The Story We're Not Getting Here
Jonathan Broder of Congressional Quarterly wrote this very insightful piece on where the debate is at in Israel. I'll give you a few tasters here, but the entire piece is worth a look:
The left's hopes for a negotiated settlement dissipated with the breakdown of the Camp David effort. And now, the bold move toward unilateralism seems spent.
But for the Israeli left, something has changed: namely, offers for peace talks over the past few months from Saudi Arabia, Syria and the Palestinian Authority. Most significant is the Saudi plan, endorsed by the 22-nation Arab League, which offers Israel full peace, recognition and normalization with the entire Arab world. The price: Israel's withdrawal to its pre-1967 borders, estbalishment of a Palestinian state in the West Bank and the Gaza Strip with East Jerusalem as its capital, and an "agreed" solution to the Palestinian refugee problem.
This approach, even if entirely sincere, poses enormous challenges because it forces both sides to confront their separate - and sacred- historical narratives of the events that led to both Israel's creation and the Palestinian exodus. For Israelis, it raises the question of what responsibility they bear in the creation of the refugee problem in Israel's first year of existence.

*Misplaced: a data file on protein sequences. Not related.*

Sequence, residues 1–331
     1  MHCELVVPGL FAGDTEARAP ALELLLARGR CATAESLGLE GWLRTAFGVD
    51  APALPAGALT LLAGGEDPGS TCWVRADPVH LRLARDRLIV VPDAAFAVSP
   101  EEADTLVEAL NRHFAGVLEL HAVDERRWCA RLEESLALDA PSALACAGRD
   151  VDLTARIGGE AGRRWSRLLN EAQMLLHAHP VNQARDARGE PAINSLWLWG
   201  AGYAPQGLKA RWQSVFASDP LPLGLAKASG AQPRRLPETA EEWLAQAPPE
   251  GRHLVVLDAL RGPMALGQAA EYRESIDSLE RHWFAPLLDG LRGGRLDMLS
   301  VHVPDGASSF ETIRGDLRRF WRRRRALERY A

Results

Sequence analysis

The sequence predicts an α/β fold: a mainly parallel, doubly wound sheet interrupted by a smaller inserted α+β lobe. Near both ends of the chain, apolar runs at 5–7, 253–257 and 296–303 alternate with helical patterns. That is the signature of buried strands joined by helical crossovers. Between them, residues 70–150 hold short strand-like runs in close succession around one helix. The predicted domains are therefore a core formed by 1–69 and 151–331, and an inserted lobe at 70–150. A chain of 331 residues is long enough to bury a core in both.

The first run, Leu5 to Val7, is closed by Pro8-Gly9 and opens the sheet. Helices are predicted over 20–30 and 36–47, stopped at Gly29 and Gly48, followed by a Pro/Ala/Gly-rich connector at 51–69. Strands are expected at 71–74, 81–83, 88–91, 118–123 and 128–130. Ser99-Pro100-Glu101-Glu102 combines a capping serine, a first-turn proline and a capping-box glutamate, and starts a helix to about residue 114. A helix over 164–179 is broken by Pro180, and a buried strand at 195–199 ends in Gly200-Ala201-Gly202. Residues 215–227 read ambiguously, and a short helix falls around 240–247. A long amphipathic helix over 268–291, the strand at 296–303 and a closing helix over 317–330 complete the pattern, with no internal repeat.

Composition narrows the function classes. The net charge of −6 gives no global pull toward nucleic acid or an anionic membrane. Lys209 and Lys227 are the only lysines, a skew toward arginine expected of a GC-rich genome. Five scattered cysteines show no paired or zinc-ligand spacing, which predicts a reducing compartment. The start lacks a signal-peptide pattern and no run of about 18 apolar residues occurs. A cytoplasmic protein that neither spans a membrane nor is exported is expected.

Syria, on the other hand:
Israel's debate over the Syrian offer for peace talks has nothing to do with the weighty issues of history or recognition. In this case, the question is whether Israel is obligated to follow the Bush administration's policy of resisting talks with Damascus in order to isolate the regime there. Increasingly, serious scholars are questioning the conventional wisdom that it makes strategic sense for Israel, a tiny country surrounded by Muslim hostility, to hew closely to the policies of the United States, its most important ally.
Broder hears the "three nos" coming from Jerusalem now:
Israelis often refer to their offer soon after the 1967 war to negotiate a withdrawal from territories taken in that conflict in return for peace and recognition from the Arabs. In the same breath, they remind the world that the Arab League, meeting later that year in Khartoum, the Sudanese capital, responded to Israel's offer with its famous "three nos" - no negotations, no recognition, no peace.
Now, Israelis on the left openly question whether their government is actually afraid to reach a comprehensive agreement with the Arabs because of the price it will have to pay. And that skepticism is spreading to some in the political center as well.